Alliss retired from golf in 1969 and went on to become a successful broadcaster.

Curiosity777

Senior Member
Korean
Alliss retired from golf in 1969 and went on to become a successful broadcaster.

I have no idea how to interpret this sentence.

Does this sentence mean Allis became a successful broadcaster? or can't we know whether Allis became a successful broadcaster without further context?

So, what does that sentence mean?

1. Alliss retired from golf in 1969 and became a successful broadcaster.

2. Alliss retired from golf in 1969 in order to become a successful broadcaster.

3. Either 1 or 2 according to context
 
  • lingobingo

    Senior Member
    English - England
    Alliss retired from golf in 1969 and went on to become a successful broadcaster.
    =
    Alliss retired from golf in 1969 and after that became a successful broadcaster.


    It’s very common to talk of someone “going on” to do something, but it really only means that that was their next step, the next thing they did.
     

    kentix

    Senior Member
    English - U.S.
    People generally retire from a sporting career based on becoming too old to compete (or losing their motivation to do so). That's the standard background. Once they've retried, that's when they start moving into a second career. But one doesn't usually cause the other. "Went on" means the second career happened after a period of time passed.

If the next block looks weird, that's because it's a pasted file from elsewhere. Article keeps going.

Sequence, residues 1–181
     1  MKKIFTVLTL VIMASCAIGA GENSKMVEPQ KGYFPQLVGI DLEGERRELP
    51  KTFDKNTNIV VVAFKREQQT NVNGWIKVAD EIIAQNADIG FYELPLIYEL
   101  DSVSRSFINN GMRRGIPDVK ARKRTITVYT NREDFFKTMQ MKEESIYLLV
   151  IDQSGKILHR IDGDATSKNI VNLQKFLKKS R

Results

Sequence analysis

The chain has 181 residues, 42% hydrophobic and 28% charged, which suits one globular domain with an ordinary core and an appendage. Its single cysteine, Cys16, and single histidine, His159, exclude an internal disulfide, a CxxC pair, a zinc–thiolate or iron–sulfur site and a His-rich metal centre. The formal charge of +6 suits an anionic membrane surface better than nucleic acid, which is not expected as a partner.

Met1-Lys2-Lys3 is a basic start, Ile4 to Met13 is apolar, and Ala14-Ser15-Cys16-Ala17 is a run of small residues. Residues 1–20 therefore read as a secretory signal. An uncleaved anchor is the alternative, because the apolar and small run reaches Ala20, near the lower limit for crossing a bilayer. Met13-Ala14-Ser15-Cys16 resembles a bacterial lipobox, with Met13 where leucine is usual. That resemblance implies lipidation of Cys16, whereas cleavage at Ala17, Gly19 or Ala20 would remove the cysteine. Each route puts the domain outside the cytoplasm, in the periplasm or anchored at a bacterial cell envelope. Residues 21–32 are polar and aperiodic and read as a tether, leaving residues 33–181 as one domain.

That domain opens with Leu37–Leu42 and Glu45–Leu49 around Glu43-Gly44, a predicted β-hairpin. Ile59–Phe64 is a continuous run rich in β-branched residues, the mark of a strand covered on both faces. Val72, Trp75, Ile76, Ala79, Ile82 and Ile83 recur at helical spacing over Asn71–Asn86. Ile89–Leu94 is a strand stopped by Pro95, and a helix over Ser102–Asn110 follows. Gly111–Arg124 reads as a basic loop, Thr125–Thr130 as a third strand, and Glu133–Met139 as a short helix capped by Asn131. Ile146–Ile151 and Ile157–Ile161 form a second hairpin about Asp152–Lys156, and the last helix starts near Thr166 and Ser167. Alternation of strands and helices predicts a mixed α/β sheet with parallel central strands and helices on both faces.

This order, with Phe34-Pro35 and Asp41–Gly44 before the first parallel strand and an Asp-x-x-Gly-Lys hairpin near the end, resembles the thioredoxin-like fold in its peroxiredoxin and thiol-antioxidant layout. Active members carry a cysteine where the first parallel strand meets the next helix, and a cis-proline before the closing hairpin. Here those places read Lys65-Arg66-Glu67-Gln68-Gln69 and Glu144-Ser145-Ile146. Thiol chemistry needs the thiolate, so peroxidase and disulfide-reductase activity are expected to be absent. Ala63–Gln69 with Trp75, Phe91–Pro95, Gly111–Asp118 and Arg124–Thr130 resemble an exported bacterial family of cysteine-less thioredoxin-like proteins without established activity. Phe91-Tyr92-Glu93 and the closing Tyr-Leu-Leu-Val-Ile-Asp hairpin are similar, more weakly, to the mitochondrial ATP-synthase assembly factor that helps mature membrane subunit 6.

Curiosity777

    Senior Member
    Korean
    Can the sentence mean 2 in this sentence?

    Allis retired from golf in 1969 and went on to become a successful broadcaster, but for some unknown reason, Alliss failed to be a successful broadcaster.
     

    lingobingo

    Senior Member
    English - England
    :confused: That’s not true at all, since he was a famous sports broadcaster for many years.

    Your sentence 2 (grammatically correct but also not entirely true)

    2. Alliss retired from golf in 1969 in order to become a successful broadcaster
    means: Alliss retired from golf in 1969 so that he could become a successful broadcaster
     

    Curiosity777

    Senior Member
    Korean
    Does that sentence mean the same thing even if "on" is removed as in "Allis retired from golf in 1969 and went to become a successful broadcaster"
     

    Curiosity777

    Senior Member
    Korean
    Unlike the original sentence, doesn't this sentence sound ambiguous?

    After Jane quit her job as a receptionist, she went on to earn her college degree.

    What does this sentence mean?

    1. After Jane quit her job as a receptionist, she earned her college degree.

    2. After Jane quit her job as a receptionist, she went on in order to college degree. (We don't know whether Jane eanred the college degree or not)

    3. Either 1 or 2 according to context.
     

    lingobingo

    Senior Member
    English - England
    It’s not ambiguous at all. It clearly states that earning her degree is what she went on to do (= went on and did).

    It’s very common, when itemising a sequence of events, to say that someone or something did/was A, then progressed by going on to do/become B.


    Doing one thing in order to do something else (so as to facilitate another action) is an entirely different concept. It is NOT what going on to do something means.
     

    kentix

    Senior Member
    English - U.S.
    After Jane quit her job as a receptionist, she went on to earn her college degree.
    It means Jane earned her college degree. The first thing she did was quit her job. The second thing she did was earn her college degree.

    "Went on to" refers to her next accomplishment in life.
     
    < Previous | Next >
    Top